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Native American Culture/David Seger acrylic painting


Rug & basket painting
Rug & basket painting  

David Seger signature
David Seger signature  
This is a 16" x 20" acrylic color painting by David Seger.  It is called Rug & Basket.  It was received from a family friend in 1993.  Is there any value to this piece of art?  I tried to research on the internet but was not successful.

While I am not familiar with David Seger, the painting resembles what is called the Gallup School of Realism. It is often painted by Navajo artists and usually depicts the art objects of Navajo craftsmen and women. The style began back in the 1970s and continues today. It gave traders and gallery dealers a way to incorporate lower-priced fine art into their collections for sale to tourists and crafts buyers. A painting from a recognized artist in this style sold between $100 and $200 in the 1990s. If there is an increased demand for the artist David Seger, collectors may bring the value up. Your best bet is to speak to the Indian Arts and Crafts Association in Albuquerque, NM and ask for a recognized appraiser in that particular style. They may direct you to a NM dealer for a more localized estimate of value. Hope this helps.  

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Richard Sutton


As a direct reservation trader in all aspects of American Indian arts since 1985, I've answered questions regarding cultural property issues, origins of traditional crafts, materials and techniques, collecting, authenticity, symbols and, of course, repairs! We have operated a retail gallery since that time, bricks and mortar until 2007 and online since 1996. Our online operation closed in 2/2015, to allow me to finally write full-time. My writing site can be found at I'll be adding a book or two from our trader experiences under the pen name of W.T. Durand and the rest of my fiction is under my own name. We are not "New Age" practitioners of adopted American Indian religious ceremonies or combined philosophies. If you are seeking such knowledge for spiritual reasons, we will only provide answers that address factual information on these subjects. Unless one is raised in a traditional, American Indian family with language, culture and religious belief intact, we don't believe that simply applying the trappings or cultural property of a given traditional group will give a non-Indian (Native if you prefer)any insight other than the academic.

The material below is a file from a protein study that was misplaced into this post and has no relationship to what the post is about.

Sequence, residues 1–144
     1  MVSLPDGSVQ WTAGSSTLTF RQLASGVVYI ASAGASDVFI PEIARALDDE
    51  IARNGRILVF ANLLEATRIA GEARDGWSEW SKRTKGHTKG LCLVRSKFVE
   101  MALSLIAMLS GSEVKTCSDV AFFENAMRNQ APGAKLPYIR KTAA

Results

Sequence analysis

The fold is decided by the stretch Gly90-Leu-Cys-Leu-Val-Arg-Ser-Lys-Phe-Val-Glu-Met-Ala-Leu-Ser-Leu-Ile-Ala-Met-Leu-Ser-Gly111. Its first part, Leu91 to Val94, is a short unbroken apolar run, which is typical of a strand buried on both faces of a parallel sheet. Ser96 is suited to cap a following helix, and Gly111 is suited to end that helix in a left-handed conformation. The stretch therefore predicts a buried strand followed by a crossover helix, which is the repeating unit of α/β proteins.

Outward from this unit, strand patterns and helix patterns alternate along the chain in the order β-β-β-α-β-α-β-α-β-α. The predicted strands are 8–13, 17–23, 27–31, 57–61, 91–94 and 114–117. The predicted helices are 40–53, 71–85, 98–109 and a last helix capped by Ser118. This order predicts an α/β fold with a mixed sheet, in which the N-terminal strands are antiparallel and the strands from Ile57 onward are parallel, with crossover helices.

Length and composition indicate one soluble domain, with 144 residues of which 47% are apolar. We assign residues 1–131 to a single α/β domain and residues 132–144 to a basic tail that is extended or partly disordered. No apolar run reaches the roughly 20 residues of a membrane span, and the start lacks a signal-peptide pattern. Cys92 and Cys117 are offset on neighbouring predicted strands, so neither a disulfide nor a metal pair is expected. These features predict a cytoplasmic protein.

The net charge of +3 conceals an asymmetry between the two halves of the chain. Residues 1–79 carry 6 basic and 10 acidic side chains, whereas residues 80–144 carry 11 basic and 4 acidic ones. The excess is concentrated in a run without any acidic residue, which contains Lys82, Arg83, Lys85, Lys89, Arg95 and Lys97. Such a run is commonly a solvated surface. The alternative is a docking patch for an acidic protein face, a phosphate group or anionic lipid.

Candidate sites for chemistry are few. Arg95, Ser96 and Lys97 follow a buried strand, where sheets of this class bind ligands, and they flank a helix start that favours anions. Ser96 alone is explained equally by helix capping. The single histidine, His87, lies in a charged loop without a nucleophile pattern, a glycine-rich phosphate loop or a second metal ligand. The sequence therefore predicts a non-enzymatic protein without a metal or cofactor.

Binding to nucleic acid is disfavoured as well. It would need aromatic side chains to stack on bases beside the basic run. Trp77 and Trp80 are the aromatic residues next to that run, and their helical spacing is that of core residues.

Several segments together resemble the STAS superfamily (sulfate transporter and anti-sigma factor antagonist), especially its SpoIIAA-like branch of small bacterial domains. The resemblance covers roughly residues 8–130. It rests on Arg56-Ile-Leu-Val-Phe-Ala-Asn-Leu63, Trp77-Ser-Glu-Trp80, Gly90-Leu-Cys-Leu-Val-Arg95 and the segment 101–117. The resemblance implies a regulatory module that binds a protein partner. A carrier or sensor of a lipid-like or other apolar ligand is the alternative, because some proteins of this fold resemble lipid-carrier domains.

My primary focus is on Southwester American Indian Nations and their people, but I also have experience in Plains and Northeastern traditions, having engaged in active trade and retail since 1985 and study for most of my life. I am not claiming any expertise at all in the work, techniques, lifeways or crafts that are made by the Native People of Mexico. They are not the same, either linguistically or culturally but certainly their crafts deserve discussion and appraisal by those who are able to provide real information.

I was a guest on Fox Network "Lifestyles" program, during the 1990s, to discuss how to tell forgeries, and authenticating jewelry as Native American work. I have also written extensively for our website, and our Ebay Store.

UofO, 1970 active in the Authentic American Indian Arts business and direct Trader since 1985. Graphic Designer and published novelist.

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